Sixty media professionals from across Africa will have the opportunity to develop their knowledge, skills, and networks as part of a new Chevening Fellowship programme announced by UK Foreign Secretary Jeremy Hunt. The Chevening Africa Media Freedom Fellowship will focus on promoting and protecting media freedom, and forms part of a global effort led by the UK and […]
Applications open for new Africa Media Freedom Fellowship
New UK Government fellowship focused on supporting media freedom and trust in misinformation age to be run at the University of Westminster in 2020.
Applications for the Chevening Africa Media Freedom Fellowship to study in the UK are open between 17 October and 9 December 2019, with applications to be submitted via www.chevening.org/camff.
The fellowship is an eight-week residential course to be delivered by the University of Westminster, in London, from 18 May to 10 July 2020, and is designed for those involved in setting and pushing the boundaries of trust, standards, and freedom in the media in 11 countries in sub-Saharan Africa including: senior journalists at public service and independent media; senior staff at media regulators; statistics agencies responsible for releasing information; and media NGOs.
This new fellowship offers a unique opportunity to create international networks as fellows work together to explore the mechanisms through which public trust in the media can be restored, and the boundaries of media freedom.
‘Support for media freedom in decline’
The fellowship will be delivered by the University of Westminster’s Dr Winston Mano, a leading academic expert on communication in Africa and director of the University’s Africa Media Centre, and Peter Cunliffe-Jones, who founded Africa Check – the continent’s leading independent fact-checking organisation.
Co-director of the course Peter Cunliffe-Jones said: ‘As concern has grown worldwide about the rise of misinformation and the harm it causes, governments, and regulators in many regions are clamping down on freedom of expression – online and in the media.
‘Recent polling has shown that public support across Africa for media freedom is in decline, with the media seen by many as often promoting false information and violating public trust. This fellowship aims to promote a vigorous exchange of ideas, sharing of experience, and constructive learning to help answer the questions of what are the proper boundaries of standards, trust, and freedom.’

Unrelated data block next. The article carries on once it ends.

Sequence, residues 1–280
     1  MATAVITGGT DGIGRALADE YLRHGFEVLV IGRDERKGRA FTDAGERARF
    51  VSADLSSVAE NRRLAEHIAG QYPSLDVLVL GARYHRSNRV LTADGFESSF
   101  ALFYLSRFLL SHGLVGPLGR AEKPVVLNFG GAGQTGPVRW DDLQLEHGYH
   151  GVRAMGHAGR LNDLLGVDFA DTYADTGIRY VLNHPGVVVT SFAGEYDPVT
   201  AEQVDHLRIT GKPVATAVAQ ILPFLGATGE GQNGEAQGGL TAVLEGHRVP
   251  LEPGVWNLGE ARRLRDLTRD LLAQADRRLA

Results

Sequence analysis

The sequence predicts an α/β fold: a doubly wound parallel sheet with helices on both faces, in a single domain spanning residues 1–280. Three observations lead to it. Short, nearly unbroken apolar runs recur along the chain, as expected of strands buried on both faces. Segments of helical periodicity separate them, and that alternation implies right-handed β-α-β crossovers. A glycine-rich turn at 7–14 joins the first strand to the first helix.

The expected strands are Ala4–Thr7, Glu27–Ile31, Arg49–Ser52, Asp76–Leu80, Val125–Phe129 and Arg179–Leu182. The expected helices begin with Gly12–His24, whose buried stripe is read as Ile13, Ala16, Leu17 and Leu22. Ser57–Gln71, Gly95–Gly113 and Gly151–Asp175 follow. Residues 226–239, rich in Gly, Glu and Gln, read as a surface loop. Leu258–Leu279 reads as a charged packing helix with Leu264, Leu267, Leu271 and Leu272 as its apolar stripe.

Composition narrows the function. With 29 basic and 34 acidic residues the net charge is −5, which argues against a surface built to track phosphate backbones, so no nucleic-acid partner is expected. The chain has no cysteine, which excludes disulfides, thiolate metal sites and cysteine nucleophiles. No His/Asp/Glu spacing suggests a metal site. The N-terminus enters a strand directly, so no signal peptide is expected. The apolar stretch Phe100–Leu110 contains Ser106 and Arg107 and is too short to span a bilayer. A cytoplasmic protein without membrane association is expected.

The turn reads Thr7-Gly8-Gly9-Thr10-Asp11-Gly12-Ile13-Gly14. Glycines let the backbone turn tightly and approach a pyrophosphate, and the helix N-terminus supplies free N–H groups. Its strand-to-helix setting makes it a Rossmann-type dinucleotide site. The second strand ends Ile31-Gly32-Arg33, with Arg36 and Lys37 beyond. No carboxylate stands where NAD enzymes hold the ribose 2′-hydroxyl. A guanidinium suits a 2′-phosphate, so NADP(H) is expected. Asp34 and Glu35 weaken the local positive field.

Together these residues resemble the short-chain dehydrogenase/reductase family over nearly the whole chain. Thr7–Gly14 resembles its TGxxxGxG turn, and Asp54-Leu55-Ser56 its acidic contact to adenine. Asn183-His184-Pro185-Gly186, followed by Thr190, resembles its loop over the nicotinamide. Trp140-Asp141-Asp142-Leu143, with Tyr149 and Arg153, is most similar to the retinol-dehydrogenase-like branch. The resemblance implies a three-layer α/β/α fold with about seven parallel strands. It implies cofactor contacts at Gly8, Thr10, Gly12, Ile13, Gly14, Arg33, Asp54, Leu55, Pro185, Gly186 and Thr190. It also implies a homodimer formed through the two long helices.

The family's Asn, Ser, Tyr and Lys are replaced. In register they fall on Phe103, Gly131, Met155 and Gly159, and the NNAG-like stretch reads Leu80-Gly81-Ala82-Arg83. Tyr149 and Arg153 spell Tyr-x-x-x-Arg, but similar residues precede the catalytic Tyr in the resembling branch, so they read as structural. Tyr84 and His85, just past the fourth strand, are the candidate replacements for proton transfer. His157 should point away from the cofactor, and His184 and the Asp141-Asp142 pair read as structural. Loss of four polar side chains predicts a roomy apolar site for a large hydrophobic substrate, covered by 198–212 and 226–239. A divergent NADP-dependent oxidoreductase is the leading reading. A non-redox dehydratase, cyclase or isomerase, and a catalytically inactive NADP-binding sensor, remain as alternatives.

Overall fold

‘A transformative experience’
Chevening Fellowships are offered to mid-career professionals who have reached positions of influence and want to increase their knowledge, networks, and potential through a tailored short course or professional placements at UK institutions. Fellowships are awarded to individuals with demonstrable leadership experience who also have strong academic backgrounds.
Since Chevening was created in 1983, over 50,000 outstanding professionals have had the opportunity to develop in the UK through its scholarship and fellowship programmes.
Acting Head of Scholarships at the Foreign and Commonwealth Office, Anabel Inge, said:
‘Chevening represents the very best of the UK, welcoming exceptional people from across the world to study, grow, and thrive at some of the world’s best universities. Chevening can be a transformative experience, not just for the fellows, but for their communities and countries as they return and use the benefit of their UK experience to make a positive difference in their chosen field.
‘Our universities promote the creation and exchange of information and ideas, as well as the building of knowledge and networks. Chevening Fellows find themselves immersed in that world, and leave the UK after their studies having grown academically, professionally, and personally as a result.’
Ambitious leaders from 11 countries
Chevening was established in 1983, and many of those selected for an award have gone on to become respected leaders across a range of sectors, including in broadcast, journalism, and media.
‘With our world facing countless challenges, the role that the Chevening community plays in building bridges and collaborating across borders to solve big issues is more important than ever,’ Anabel added.
Chevening is looking for ambitious, professional, and innovative leaders from 11 countries – Burundi, Cameroon, Ethiopia, Gambia, Malawi, Rwanda, Sierra Leone, South Africa, South Sudan, Uganda, and Zimbabwe – who will study hard in the UK, and be open to immersing themselves in the opportunities that arise through this programme.
Interested candidates are encouraged to check the eligibility criteria, find out more about the programme, and apply via the Chevening Africa Media Freedom Fellowship page.
Scholars were urged to aid the Foreign and Commonwealth Office’s media freedom campaign at the sixth annual Chevening Conference hosted at the University of Manchester on Friday, 12 April. 2018 was the deadliest year on record for journalists worldwide. Alastair King-Smith, Deputy Director of the Multilateral Policy Directorate at the FCO, encouraged scholars to help […]
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